Erika Tonelli Bonnett thought her family’s 40 years of baking soft pretzels could be over.
A power surge on Nov. 9 took out Center City Pretzel Company’s mixer, refrigeration unit, salter and even its WiFi router.
Repairs would be expensive, and the timing was bad — business was already down 80% due to the coronavirus pandemic. Production would have to be halted for a week to allow for electrical work.
“I did an inventory and said, ‘This may be it,’” Tonelli Bonnett recalled.
She considered setting up an online fundraiser, a tool many small businesses have used to stay afloat during the pandemic. With her finger hovered over the button, she went back and forth on the idea, walking away from her computer several times.
“And then I said ‘to hell with it,’ let me hit it, and let’s just see what happens,” Tonelli Bonnett said. “If nothing comes of it, I can say I tried, and if something comes of it, we are eternally grateful for whatever anybody could give.”
In about a week, customers had donated enough to reach Tonelli Bonnett’s goal of $10,000, and, as of Sunday, the GoFundMe had raised $11,378.
Tonelli Bonnett was shocked by the response, and not just the money, but the calls, notes, emails and other messages of support from the community.
“I am stunned. I am humbled beyond words,” she told Metro. “We always just considered ourselves this little, tiny pretzel bakery in South Philly that never advertised.”
Though its name suggests otherwise, Center City Pretzel is at 816 Washington Ave., right by South Philadelphia’s famous Italian Market.
Tonelli Bonnett’s father, Tony, established the business in 1981. He’s enjoying retirement in Florida but still calls his daughter a few times a week to talk shop.
Center City Pretzel shows up on just about every list compiled of the best places to grab one of the city’s signature foods.
Tonelli Bonnett, who oversees all of its day-to-day operations, said the secret is using just three ingredients: flour, yeast and water. In addition, the product is vegan, so they don’t use butter or eggs.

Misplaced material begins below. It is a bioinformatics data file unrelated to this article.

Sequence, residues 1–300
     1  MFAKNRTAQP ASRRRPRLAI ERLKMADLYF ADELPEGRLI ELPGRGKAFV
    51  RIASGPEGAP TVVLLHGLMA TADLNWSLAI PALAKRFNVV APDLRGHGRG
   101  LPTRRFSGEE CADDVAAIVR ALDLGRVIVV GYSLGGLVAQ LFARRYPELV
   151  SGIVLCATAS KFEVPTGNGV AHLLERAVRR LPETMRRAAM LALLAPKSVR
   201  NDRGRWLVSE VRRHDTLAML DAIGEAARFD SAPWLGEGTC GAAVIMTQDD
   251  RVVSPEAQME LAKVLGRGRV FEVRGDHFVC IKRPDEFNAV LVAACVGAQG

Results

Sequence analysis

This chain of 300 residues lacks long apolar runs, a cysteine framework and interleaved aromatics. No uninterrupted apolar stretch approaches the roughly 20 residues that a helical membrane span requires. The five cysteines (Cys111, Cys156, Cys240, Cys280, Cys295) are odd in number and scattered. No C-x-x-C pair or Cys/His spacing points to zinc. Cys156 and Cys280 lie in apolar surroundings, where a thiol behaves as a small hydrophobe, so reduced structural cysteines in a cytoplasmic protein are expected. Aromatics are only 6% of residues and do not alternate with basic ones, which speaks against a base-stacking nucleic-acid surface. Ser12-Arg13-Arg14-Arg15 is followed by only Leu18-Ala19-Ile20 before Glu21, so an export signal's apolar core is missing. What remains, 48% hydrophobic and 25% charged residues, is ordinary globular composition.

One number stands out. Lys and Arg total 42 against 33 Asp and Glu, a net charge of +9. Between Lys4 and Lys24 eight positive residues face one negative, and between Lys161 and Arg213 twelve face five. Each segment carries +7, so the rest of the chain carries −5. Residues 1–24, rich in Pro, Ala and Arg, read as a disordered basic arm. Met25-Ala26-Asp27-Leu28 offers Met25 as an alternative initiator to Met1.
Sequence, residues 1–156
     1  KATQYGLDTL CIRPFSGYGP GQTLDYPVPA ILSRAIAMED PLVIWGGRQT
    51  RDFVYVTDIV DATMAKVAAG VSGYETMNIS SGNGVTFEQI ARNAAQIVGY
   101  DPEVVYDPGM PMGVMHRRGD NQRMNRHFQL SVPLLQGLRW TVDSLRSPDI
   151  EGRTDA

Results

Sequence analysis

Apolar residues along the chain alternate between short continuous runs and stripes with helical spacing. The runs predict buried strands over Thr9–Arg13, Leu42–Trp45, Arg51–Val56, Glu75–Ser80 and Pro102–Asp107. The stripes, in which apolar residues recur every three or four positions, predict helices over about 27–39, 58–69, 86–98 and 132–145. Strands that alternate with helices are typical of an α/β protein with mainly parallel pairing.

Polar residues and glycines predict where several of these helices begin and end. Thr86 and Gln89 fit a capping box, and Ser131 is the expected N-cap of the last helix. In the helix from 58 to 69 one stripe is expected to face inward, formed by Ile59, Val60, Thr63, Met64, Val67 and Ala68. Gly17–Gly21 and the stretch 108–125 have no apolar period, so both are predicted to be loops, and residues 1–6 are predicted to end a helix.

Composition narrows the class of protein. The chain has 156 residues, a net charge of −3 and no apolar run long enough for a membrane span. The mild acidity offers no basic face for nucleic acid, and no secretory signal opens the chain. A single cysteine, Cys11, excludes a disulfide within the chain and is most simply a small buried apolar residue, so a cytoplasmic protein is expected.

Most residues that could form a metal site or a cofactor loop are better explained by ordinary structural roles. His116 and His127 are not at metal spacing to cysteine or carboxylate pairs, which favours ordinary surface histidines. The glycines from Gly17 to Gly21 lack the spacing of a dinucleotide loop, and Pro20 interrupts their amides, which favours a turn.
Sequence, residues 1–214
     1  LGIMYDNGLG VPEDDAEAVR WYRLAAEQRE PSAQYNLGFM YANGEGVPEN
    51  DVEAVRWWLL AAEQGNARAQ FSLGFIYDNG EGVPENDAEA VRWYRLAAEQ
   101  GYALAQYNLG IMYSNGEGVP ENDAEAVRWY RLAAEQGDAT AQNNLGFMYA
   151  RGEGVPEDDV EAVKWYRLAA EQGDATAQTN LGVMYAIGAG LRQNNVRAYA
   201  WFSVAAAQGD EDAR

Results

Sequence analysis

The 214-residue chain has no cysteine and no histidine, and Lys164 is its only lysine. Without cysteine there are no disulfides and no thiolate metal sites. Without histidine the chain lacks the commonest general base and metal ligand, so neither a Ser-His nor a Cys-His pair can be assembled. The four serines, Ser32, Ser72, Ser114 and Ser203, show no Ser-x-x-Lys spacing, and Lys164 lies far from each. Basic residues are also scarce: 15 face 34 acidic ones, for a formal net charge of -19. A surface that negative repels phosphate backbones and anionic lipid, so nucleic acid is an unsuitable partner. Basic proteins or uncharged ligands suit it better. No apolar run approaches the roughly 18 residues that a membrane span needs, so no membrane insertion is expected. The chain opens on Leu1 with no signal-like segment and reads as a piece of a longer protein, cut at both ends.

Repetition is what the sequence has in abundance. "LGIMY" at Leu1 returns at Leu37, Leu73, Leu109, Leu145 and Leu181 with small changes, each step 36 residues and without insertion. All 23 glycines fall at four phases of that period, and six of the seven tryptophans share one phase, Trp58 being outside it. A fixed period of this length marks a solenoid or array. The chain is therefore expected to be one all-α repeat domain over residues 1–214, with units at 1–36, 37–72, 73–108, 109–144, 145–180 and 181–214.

“I always tell people we are a bakery,” she said. “We are not a factory, and there’s a reason because we do take into consideration everybody who walks through that door.”
Unfortunately, fewer pretzels are being baked these days.
Center City Pretzel closed for months at the start of the pandemic, and, when it opened its doors again, the company’s larger clients, which include schools and hospital cafeterias, weren’t ordering.
“When we went to reopen in August, we were basically reopening to a completely different population,” Tonelli Bonnett said. “It was simply locals, which was fantastic, but we lost 80% of our business.”
A bare-bones staff now makes at least 1,500 pretzels a day, a fraction of the bakery’s pre-pandemic output. The shop is open Mondays, Tuesdays and Wednesdays from 6 a.m. to noon.
Employees struggle to fit boxes through Plexiglas barriers to give to customers, and workers sanitize surfaces throughout the day, Tonelli Bonnett said.
“It’s a non-stop process, you’re constantly moving to stay on top of it,” she added. “We are staying on top of it.”
Center City Pretzel maintains some wholesale clients and ships through the Pennsylvania General Store and www.pretzelsdirect.com.
“That has sustained us,” Tonelli Bonnett said. “The two mail-order companies have really been helpful throughout this.”
She feels for others in the food business, including restaurants, some of which have closed permanently following new city restrictions banning indoor dining.
Tonelli Bonnett urged people to buy local as much as possible during the holiday season.
“Philadelphia is built on the shoulders of small businesses and the people who came before us,” she said. “There’s a charm to that, and it’s horrible to see that go away. That would be devastating.”